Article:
Friday, 3 October 2008

ECB discusses rate cut, IMF looking at sharp US downturn

The ECB has moved to an easing bias. Bloomberg reports:

European Central Bank President Jean-Claude Trichet indicated the bank is poised to cut interest rates for the first time in more than five years as the credit crunch hurts the economy and damps inflation.

Investors are betting the ECB will lower borrowing costs as soon as next month after Trichet told a press conference in Frankfurt that policy makers discussed a rate reduction today. While leaving the benchmark at a seven-year high of 4.25 percent, Trichet said financial-market turmoil is damping economic growth and inflation risks "have diminished."

Markets are certainly giving Trichet reasons to worry about the credit crunch. Again from Bloomberg:

The London interbank offered rate that banks charge each other for loans rose for a fourth day, driving a gauge of cash scarcity among banks to a record. The biggest drop in financial short-term debt outstanding since at least 2000 caused the U.S. commercial paper market to tumble 5.6 percent to a three-year low, according to the Federal Reserve...

Stocks dropped for a second day as reports showed a worsening economy, and Treasury yields fell as traders speculated central banks will have to cut interest rates to prevent a global recession. The Standard & Poor's 500 Index slid 46.78, or 4 percent, to 1,114.28. The yield on two-year notes tumbled 19 basis points, or 0.19 percentage point, to 1.62 percent, according to BGCantor Market Data.

And how badly is the US economy worsening? Quite badly, it seems. From Bloomberg:

Orders to U.S. factories fell in August by the most in almost two years, signaling that business spending slowed down even before the recent worsening of the credit crunch.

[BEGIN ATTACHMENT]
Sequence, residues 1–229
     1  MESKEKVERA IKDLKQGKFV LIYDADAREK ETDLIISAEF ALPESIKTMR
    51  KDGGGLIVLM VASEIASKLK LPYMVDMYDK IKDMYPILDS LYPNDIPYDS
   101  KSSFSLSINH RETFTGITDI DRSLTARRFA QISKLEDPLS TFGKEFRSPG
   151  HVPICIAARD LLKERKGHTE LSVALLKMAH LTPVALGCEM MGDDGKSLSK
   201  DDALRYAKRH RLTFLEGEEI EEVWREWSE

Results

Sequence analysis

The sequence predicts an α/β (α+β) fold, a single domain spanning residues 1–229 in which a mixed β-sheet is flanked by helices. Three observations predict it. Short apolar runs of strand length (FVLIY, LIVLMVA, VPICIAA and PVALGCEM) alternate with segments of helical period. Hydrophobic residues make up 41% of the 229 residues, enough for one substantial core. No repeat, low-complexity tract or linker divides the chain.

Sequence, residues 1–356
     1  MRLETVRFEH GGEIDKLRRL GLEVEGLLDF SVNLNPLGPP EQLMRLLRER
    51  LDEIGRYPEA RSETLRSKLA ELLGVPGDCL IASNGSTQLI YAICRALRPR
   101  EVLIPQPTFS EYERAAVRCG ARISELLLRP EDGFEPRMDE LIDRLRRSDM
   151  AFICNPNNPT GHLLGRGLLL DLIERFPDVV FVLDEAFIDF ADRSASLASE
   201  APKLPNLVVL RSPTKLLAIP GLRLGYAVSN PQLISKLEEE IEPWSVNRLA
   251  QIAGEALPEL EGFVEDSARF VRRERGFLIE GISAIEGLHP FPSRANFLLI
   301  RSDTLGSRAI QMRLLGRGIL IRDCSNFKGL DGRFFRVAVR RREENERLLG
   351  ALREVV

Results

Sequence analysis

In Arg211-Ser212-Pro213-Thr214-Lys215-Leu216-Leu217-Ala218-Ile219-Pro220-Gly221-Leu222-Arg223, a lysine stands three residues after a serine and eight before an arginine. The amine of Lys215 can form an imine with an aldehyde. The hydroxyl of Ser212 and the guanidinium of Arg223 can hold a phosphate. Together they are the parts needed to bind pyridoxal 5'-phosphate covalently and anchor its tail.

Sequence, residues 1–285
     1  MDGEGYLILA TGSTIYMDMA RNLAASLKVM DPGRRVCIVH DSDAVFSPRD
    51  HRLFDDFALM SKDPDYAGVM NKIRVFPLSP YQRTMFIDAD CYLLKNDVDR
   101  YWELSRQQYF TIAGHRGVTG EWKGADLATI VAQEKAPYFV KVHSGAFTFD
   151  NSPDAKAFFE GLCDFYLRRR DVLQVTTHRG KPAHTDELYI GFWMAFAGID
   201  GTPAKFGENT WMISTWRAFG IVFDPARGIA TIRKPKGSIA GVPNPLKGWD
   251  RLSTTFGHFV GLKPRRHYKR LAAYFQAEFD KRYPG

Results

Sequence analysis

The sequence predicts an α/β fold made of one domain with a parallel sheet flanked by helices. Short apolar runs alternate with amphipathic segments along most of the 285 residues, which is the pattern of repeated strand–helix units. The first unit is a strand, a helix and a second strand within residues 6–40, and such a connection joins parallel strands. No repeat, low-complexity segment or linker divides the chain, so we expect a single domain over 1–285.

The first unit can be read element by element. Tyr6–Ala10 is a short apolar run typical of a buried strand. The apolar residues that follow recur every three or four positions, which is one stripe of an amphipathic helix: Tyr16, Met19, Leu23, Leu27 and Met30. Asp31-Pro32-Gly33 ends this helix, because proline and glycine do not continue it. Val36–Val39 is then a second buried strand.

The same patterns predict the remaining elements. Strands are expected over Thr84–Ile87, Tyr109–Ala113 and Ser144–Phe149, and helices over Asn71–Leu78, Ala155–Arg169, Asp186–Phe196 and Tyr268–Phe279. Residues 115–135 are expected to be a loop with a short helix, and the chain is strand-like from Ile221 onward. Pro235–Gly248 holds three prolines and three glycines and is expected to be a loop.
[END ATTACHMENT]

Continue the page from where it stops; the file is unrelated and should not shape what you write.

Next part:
The 4 percent drop in bookings was larger than forecast and followed a 0.7 percent increase in July that was smaller than previously estimated, Commerce Department figures showed today in Washington...

Excluding demand for transportation equipment, which tends to be volatile, factory orders decreased 3.3 percent, the most since September 2001...

Bookings for all durable goods, which make up just under half of total orders, fell 4.8 percent in August, more than the Commerce Department estimated last week. Non-durable goods orders, including those for food, petroleum and chemicals, dropped 3.3 percent after.

Today's revision also made the outlook for business investment even dimmer. Bookings for capital goods excluding defense and aircraft, a proxy for future business spending, fell 2.4 percent in August compared with the 2 percent decline estimated last week.

Shipments of such goods, which the government uses to calculate gross domestic product, decreased 2.1 percent, also worse than previously estimated and the biggest drop since January 2007.

Meanwhile, the labour market continues to deteriorate.

The number of people collecting jobless benefits rose to 3.59 million in the week ended Sept. 20, the most since 2003, the Labor Department reported today. First-time claims jumped to 497,000 in the week ended Sept. 27, reflecting job losses in the aftermath of the Gulf Coast hurricanes.

And James Hamilton points out that auto sales in the US deteriorated further in September, "which is consistent with the view that the U.S. economy has been in recession and took a sharp turn for the worse last month".

Even the IMF has joined the gloomy bandwagon. From Bloomberg:

The U.S. may fall into a recession as the financial rout deepens, the International Monetary Fund said in its most pessimistic outlook for the world's largest economy since the credit crisis began last year.

"The financial turmoil that began in the summer of 2007 has mutated into a full-blown crisis," the fund said in a section of its semiannual World Economic Outlook released in Washington today. There is "a substantial likelihood of a sharp downturn in the United States," the fund said.

It was slightly more optimistic though about the euro area.

The 15 countries that use the euro may be able the weather financial shocks and slowing growth, the IMF said. "In the euro zone, by contrast, the relatively strong position of households offers some protection against a sharp downturn," the report stated.

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